• Gearing is bit low, could do with a better spread or a 7th cog.
  • Throttle response in Normal mode is a bit sluggish, although I believe there are mods that address this. Using Sport mode means the DSG is a bit aggressive if you're not pressing on though, it really needs discrete throttle and gearbox settings so you can program the Individual mode with a sharper throttle with the normal gearing.
  • The "enhanced" engine noise in the cabin is unwelcome. I'd prefer to hear what the car is doing, thanks.
These are minor niggles though, it really is a "do everything" car and very well built.

Phil74

141 posts

83 months

Wednesday 20th December 2017
quotequote all
"As Nik said above, the Superb really is going to be tremendously difficult to replace - any ideas?"

Obvious answer maybe, another Superb?

I'm biased anyway! Mine was the quartz grey one at the Goodwood SS on Sunday. Only a 220 though frown

callahan

527 posts

137 months

Wednesday 20th December 2017
quotequote all
My family bus (a hatch) has been great as well. Just the perfect long distance load lugger.

One thing - how much stuff are you carrying to need the roof box? I have a family of four and we take everything we can find on trips - and still don't fill it.

Zajda

125 posts

78 months

Wednesday 20th December 2017
quotequote all
25 MPG is not too bad, but fuel tanks are just small these days. Some 80+ litres would be appropriate in this class.

jimmy156

3,146 posts

118 months

Wednesday 20th December 2017
quotequote all
I just spec'd one of these on the Skoda Finance calculator. Didn't add any options, 5k deposit and 36 months of payments... over £500 pm. Who would buy one at that price privately! I think they are great cars though!
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Dale487

650 posts

54 months

Wednesday 20th December 2017
quotequote all
Replacements - how about a SEAT Leon Cupra ST, either manual FWD or the AWD DSG? More performance for less money & nearly the same sized boot.

Onehp

476 posts

214 months

Thursday 21st December 2017
quotequote all
Dale487 said:
Replacements - how about a SEAT Leon Cupra ST, either manual FWD or the AWD DSG? More performance for less money & nearly the same sized boot.
With the rear seat up, with it folded down there is significant difference. But so there is in weight, my fwd manual is a real 300kg lighter or so, makes it feel all the more dynamic for it (if the 190hp diesel is anything to go by chassis wise, not driven the 280hp version)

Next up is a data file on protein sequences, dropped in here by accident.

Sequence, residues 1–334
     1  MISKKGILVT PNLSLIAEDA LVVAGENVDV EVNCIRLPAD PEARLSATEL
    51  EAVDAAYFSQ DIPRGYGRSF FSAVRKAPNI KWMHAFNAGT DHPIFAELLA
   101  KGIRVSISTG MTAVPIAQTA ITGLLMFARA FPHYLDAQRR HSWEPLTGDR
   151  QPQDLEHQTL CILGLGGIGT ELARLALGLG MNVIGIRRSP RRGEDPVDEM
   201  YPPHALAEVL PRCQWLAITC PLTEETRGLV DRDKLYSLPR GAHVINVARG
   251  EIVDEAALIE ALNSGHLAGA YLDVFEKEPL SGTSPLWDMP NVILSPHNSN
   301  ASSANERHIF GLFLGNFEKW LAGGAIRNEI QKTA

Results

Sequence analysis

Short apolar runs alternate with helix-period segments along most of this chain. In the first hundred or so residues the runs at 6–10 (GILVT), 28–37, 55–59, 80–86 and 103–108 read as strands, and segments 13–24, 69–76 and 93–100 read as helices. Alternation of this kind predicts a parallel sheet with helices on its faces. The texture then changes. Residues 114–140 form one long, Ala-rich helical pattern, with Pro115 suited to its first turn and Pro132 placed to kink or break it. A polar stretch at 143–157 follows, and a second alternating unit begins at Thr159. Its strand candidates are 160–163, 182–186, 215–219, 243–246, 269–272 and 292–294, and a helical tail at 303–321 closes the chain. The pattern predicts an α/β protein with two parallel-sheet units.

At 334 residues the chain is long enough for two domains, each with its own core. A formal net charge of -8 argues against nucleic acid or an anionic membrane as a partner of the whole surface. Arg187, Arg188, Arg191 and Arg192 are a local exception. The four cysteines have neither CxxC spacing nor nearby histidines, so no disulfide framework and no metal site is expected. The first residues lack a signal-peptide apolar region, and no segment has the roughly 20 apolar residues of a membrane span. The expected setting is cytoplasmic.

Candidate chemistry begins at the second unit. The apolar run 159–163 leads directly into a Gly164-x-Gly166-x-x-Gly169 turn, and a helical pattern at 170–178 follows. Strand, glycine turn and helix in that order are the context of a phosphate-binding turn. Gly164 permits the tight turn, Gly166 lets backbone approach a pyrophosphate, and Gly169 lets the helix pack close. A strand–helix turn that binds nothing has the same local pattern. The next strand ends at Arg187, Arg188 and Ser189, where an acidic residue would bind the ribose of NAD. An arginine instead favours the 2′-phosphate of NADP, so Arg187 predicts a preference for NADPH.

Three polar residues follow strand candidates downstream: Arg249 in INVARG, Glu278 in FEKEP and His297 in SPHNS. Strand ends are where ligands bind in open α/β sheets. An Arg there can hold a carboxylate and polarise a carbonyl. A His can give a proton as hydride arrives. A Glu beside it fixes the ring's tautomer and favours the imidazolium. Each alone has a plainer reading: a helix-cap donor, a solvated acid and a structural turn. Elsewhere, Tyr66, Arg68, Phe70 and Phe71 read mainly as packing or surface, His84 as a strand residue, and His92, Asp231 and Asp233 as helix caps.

Edited by Onehp on Thursday 21st December 01:25

Dale487

650 posts

54 months

Thursday 21st December 2017
quotequote all
Onehp said:
Dale487 said:
Replacements - how about a SEAT Leon Cupra ST, either manual FWD or the AWD DSG? More performance for less money & nearly the same sized boot.
With the rear seat up, with it folded down there is significant difference. But so there is in weight, my fwd manual is a real 300kg lighter or so, makes it feel all the more dynamic for it (if the 190hp diesel is anything to go by chassis wise, not driven the 280hp version)


Edited by Onehp on Thursday 21st December 01:25
Very true in the boot size - but that’s part of what I think would make the comparison useful & interesting: is the smaller, lighter, more powerful & cheaper car an alternative to the more commodious, more refined & more expensive car. (Particularly as a lot of Škoda & SEAT dealers share the same site, you may go looking at one & the other may catch your eye).

I just wish the Superb Sportline had more than just the 1.4 TSI as a petrol manual option & that they kept the red it was launched with as the only interesting colour is Dragon Green - but I’m not that brave.

Limpet

2,892 posts

92 months

Thursday 21st December 2017
quotequote all
I baulked at the idea of £40k for a Skoda, but 10 minutes online got this car in this spec down to £34,750, and I'm sure this could be squeezed further. A lot of car for the money, although if you're prepared to sacrifice spec, a 530i Touring is only a couple of grand more.

loudlashadjuster

Original Poster:

3,025 posts

115 months

Thursday 21st December 2017
quotequote all
Onehp said:
With the rear seat up, with it folded down there is significant difference. But so there is in weight, my fwd manual is a real 300kg lighter or so, makes it feel all the more dynamic for it (if the 190hp diesel is anything to go by chassis wise, not driven the 280hp version)
The quoted weight for the equivalent engines are about 185 kg less for the Seat, but it's a fair point. I bet the manual, fwd Seat feels a lot more lively.

loudlashadjuster

Original Poster:

3,025 posts

115 months

Thursday 21st December 2017
quotequote all
Limpet said:
I baulked at the idea of £40k for a Skoda, but 10 minutes online got this car in this spec down to £34,750, and I'm sure this could be squeezed further. A lot of car for the money, although if you're prepared to sacrifice spec, a 530i Touring is only a couple of grand more.
As a company car, I was comparing it to A4, 3-Series etc. and for the same money could only get a mediocre spec. with a middling engine, or a 1.5 diesel etc. and a good, but not quite top, spec, certainly not matching the Skoda's.